The Dred Scott Case: Its Significance In American Law And Politics, by Don E. Fehrenbacher
This particlar book won the Pulitzer Prize for History, and it was a well-earned prize. At about 600 pages of main text, and a large amount of detailed scolarly endnotes, this is clearly a book written with a lot of ambition as a definitive book about one of the most controversial cases the Supreme Court ever took on. Of great worth is the fact that the book does justice to the complicated nature of the legal and political history of the Dred Scott case, the fact that most of the channels for interpretation were decided fairly early on after the case was decided, and the numerous and serious legal, historical, and logical flaws within many of the parts of the opinion, especially that by Chief Justice Taney himself. Although the book does not go into the matter in depth, one can see the same difficulties springing from this case as other particularly serious Supreme Court cases where attempts to solve political problems by the justices of the Supreme Court only lead to a lower credibility in the competence and justice of the judiciary branch of government in particular.
In terms of its organization and structure, this book is made up of very clear and thematic chapters. The first part of the book examines the historical context of the Dred Scott case in eight chapters, looking at the relationship between race and slavery in America’s founding, the place of slavery in the American constitutional system, freedom, expansion and slavery in politics and in a continental republic, the territorial question, the pressures towards judicial revolution as Congress became increasingly unable to resolve the divide between its two houses, and the activist nature of the Taney court and the lip service it gave to judicial restraint. The second part of the book examines the decade of litigation between Dred Scott and the widow Emerson, who, embarrassingly enough, ended up marrying an antislavery Congressman whose political career was ruined by the revelation of his role in the case. Fehrenbacher looks at Scott’s travels, his lawsuits against Emerson and Sanford (misspelled Sandford in the Supreme Court case), and the arguments in front of the Supreme Court, as well as the confused nature of the decision and its many opinions, what the decision actually decided, and a few chapters on the Dred Scott decision and its opinion on the citizenship of free blacks (which Taney consistently considered a contradiction in terms), as well as the place of slavery in the territories, and the various concurrent and dissenting opinions. The third and final part of the book examines the consequences and echoes of the decision, including the result of what the judges judged, the connection with the Lecompton crisis, its relationship to the Freeport Doctrine in the Lincoln-Douglas debates, the conflict the decision encouraged, the reasons why the decision was made, as Taney felt it necessary to defend the interests of the Slave South, and the context of the case in the larger stream of history.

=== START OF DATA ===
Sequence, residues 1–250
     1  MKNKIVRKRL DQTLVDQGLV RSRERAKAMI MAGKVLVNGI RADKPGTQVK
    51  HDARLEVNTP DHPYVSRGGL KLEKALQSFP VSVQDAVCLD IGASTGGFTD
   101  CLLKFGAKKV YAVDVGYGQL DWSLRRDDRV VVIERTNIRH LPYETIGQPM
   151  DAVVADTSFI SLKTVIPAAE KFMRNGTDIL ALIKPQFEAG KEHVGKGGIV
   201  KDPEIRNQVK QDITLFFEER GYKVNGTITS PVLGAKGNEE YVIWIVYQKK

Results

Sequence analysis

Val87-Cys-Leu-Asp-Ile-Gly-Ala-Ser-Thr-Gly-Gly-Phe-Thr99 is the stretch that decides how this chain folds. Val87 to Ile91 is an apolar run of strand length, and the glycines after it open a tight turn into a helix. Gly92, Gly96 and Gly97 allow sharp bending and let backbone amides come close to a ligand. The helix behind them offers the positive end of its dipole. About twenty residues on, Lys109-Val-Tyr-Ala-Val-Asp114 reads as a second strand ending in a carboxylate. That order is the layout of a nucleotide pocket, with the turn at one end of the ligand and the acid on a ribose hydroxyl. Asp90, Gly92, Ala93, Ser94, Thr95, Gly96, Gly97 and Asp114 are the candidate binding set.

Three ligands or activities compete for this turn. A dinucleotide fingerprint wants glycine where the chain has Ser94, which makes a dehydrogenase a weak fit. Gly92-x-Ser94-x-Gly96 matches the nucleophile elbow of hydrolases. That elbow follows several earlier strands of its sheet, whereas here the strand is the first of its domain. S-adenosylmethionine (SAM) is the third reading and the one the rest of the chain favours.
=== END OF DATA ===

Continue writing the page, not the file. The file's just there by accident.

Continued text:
Those who are fond readers of Fehrenbacher’s books in general  will find much to enjoy. The research is well done, the discussion witty, the treatment even-handed, and the historical and legal analysis sound. Fehrenbacher is not afraid to point out the flaws and inconsistencies of many sides, and the immense complexity of the case, and also seeks to reduce the appearance of collusion and conspiracy, which he views as a lamentable aspect of the American political culture, if a consistent one. If one has a strong interest in legal history and its influence on political history, an interest in the course of slavery in the American republic, and in the hazards faced by statesmen during times of deep political decision, this book has a lot to offer.
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